What Was The First Piece Of Online Marketing?
Digital marketing is at the core of nearly every company’s advertising campaigns. With so many people online and the potential to reach audiences much wider than would be available locally, online marketing is essential for growing a company’s potential market.
A lot of the modern ecosystem for digital marketing and many of the agencies that specialise in advertising online are relatively new and exceptionally adaptable.
However, the concept of marketing online absolutely is not, and in fact, the earliest known piece of marketing material sent online predates the internet itself as we know it. Technically it was sent via ARPANET, its early predecessor, all the way back in 1978.
The message itself was exceptionally simple by the standards of modern marketing emails; it was a simple text message sent by the company DEC (Digital Equipment Corporation, now part of Hewlett Packard), proudly advertising its new mainframe computers.
Specifically, it was a message by Gary Thuerk, a member of DEC’s marketing team, informing hundreds of people on ARPANET that they were organising an open house event to showcase their DECSYSTEM-20 range of mainframe computers.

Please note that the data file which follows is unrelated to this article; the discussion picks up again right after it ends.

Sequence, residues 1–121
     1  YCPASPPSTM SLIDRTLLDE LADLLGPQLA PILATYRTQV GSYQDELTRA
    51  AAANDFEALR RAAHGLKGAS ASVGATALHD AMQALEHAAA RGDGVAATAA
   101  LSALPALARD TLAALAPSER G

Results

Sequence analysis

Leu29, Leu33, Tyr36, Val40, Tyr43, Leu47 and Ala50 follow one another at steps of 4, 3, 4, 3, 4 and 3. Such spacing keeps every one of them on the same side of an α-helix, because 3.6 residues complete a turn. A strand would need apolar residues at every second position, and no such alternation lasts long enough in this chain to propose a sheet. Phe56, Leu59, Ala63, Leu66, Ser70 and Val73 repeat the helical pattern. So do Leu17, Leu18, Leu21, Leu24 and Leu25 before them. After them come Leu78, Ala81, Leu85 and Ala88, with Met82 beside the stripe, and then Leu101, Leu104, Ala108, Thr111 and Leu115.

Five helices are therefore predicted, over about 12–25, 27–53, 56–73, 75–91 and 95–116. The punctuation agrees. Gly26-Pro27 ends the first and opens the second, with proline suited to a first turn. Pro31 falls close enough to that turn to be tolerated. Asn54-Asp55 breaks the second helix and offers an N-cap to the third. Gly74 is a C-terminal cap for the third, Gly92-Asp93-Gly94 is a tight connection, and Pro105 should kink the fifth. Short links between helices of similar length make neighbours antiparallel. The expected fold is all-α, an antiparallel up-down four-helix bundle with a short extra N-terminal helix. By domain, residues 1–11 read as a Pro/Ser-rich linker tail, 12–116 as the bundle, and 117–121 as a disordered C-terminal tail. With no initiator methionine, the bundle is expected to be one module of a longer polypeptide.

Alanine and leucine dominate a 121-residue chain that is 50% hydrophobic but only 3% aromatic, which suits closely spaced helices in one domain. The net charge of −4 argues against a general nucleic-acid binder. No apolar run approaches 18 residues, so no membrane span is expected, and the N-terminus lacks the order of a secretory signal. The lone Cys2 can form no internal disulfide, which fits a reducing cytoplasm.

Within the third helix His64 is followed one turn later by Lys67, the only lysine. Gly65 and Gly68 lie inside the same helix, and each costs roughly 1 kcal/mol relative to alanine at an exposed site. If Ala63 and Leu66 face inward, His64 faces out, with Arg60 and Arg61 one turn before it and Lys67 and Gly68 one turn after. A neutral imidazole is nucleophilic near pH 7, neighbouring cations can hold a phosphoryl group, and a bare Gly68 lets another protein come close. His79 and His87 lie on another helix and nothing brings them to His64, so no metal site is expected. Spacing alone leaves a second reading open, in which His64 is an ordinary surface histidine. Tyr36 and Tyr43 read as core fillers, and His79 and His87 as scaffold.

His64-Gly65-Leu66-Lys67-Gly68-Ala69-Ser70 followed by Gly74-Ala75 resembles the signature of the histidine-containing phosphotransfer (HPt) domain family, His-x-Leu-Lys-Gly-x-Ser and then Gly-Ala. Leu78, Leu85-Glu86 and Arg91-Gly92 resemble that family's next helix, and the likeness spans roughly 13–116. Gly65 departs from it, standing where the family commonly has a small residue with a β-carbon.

It was a somewhat clumsy campaign, and the first attempt to send it by Carl Gartley accidentally caused some of the addresses in the mailing list to overflow into the message’s body, which they had to fix in order to get the message for them.
As with all new forms of marketing, it stirred a lot of debate, which was arguably the point. At the time, ARPANET was seen as a system purely for the betterment of research and communication, and discussions about its use in marketing felt like this was in breach of those principles.
Ironically, Richard Stallman of the Free Software Foundation, then a young research graduate, defended the principle of the marketing messages, only objecting to the accidental exploding of people’s email addresses.
It is unknown exactly how successful it was but it did lead to a complaint by the caretakers of ARPANET at the time, who claimed it breached their acceptable use policy.
This policy, which banned commercial use of the Internet, would be lifted in 1991 and lead to the widespread adoption of the Internet for both personal use and for business purposes as well.
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